Dementia patients 'miss key tests'

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Media captionAnn Knowles' aunt Edna has dementia, and has had "numerous" hospital admissions

Many dementia patients fail to have the proper checks when they are in hospital, an audit of care has found.

The National Audit of Dementia found some improvements since its first analysis of care in England and Wales in 2011.

But it says too few patients have their mental state assessed, and information is often not shared properly.

The Alzheimer's Society said a "culture change" was needed to improve care further.

The audit, commissioned by the Healthcare Quality Improvement Partnership (HQIP), was led by the Royal College of Psychiatrists' Centre for Quality Improvement in partnership with other organisations.

It looked at data from 210 hospitals across England and Wales, including case notes for 8,000 patients with dementia.

Communication failure

Many people with the condition become very confused when they are admitted to hospital.

But the audit found only half had their mental state assessed, and even fewer were checked for delirium - a state of mental confusion - rates it said were "alarmingly low".

The authors said: "Delirium is associated with greater risks of longer admission, hospital acquired infections, admission to long term care, and death.

"Failure to assess and plan for mental health needs may also prevent appropriate assessment and care for physical health needs."

In addition, a third of hospitals did not have guidance available to staff on how to involve the patient's carer and how to share information.

Flaws were also found with patient notes, which often failed to include information that could have helped staff communicate with them - and with poor discharge information.

At board level, the audit said, hospital trusts failed to do enough to review the quality of care for people with dementia.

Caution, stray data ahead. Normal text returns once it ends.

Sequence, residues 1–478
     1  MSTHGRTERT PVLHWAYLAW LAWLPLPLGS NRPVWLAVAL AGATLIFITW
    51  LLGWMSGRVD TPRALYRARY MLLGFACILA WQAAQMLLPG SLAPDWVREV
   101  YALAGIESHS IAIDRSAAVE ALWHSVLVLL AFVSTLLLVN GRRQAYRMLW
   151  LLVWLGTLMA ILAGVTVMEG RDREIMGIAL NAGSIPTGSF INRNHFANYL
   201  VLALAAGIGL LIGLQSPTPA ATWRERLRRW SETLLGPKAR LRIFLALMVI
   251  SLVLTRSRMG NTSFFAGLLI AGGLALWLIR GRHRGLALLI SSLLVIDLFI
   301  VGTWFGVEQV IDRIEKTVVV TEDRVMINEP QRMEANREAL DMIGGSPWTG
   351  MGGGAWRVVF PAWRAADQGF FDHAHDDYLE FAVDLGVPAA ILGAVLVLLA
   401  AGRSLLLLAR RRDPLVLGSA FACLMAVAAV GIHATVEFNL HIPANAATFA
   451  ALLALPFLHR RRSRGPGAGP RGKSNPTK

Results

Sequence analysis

Two in five hospitals did not provide dementia awareness training to new staff.

However, since the last audit report in December 2011, some improvements were found.

There has been a 10% drop in the overall number of prescriptions of antipsychotic drugs, and patients are now more likely to receive an assessment of the food they are eating.


Prof Peter Crome, who led the audit's steering group, said he was pleased there had been improvements since the 2011 report.

But he added: "Much still needs to be done and there remains a large gap between what hospitals say should happen and what actually does happen."

Prof John Young, the government's National Clinical Director (or tsar) for Integration and the Frail Elderly, who advised the audit, said: "Hospitals are at last engaging with the special care requirements necessary to support people with dementia and their families."

George McNamara, head of policy and public affairs at the Alzheimer's Society, said: "Given that people with dementia occupy a quarter of hospital beds, it is scandalous that improving dementia care is not a top priority for a number of hospital managers."

He said hospitals must do more to give staff the training they needed to look after patients with dementia better.

Dr Peter Carter, general secretary the Royal College of Nursing, said: "A recent RCN report found that specialist dementia nurses can reduce the length of hospital stays, prevent readmissions and provide education and leadership for other staff.

"We must not deny our most vulnerable patients these improvements in care, and dementia specialist nurses should be a top priority."

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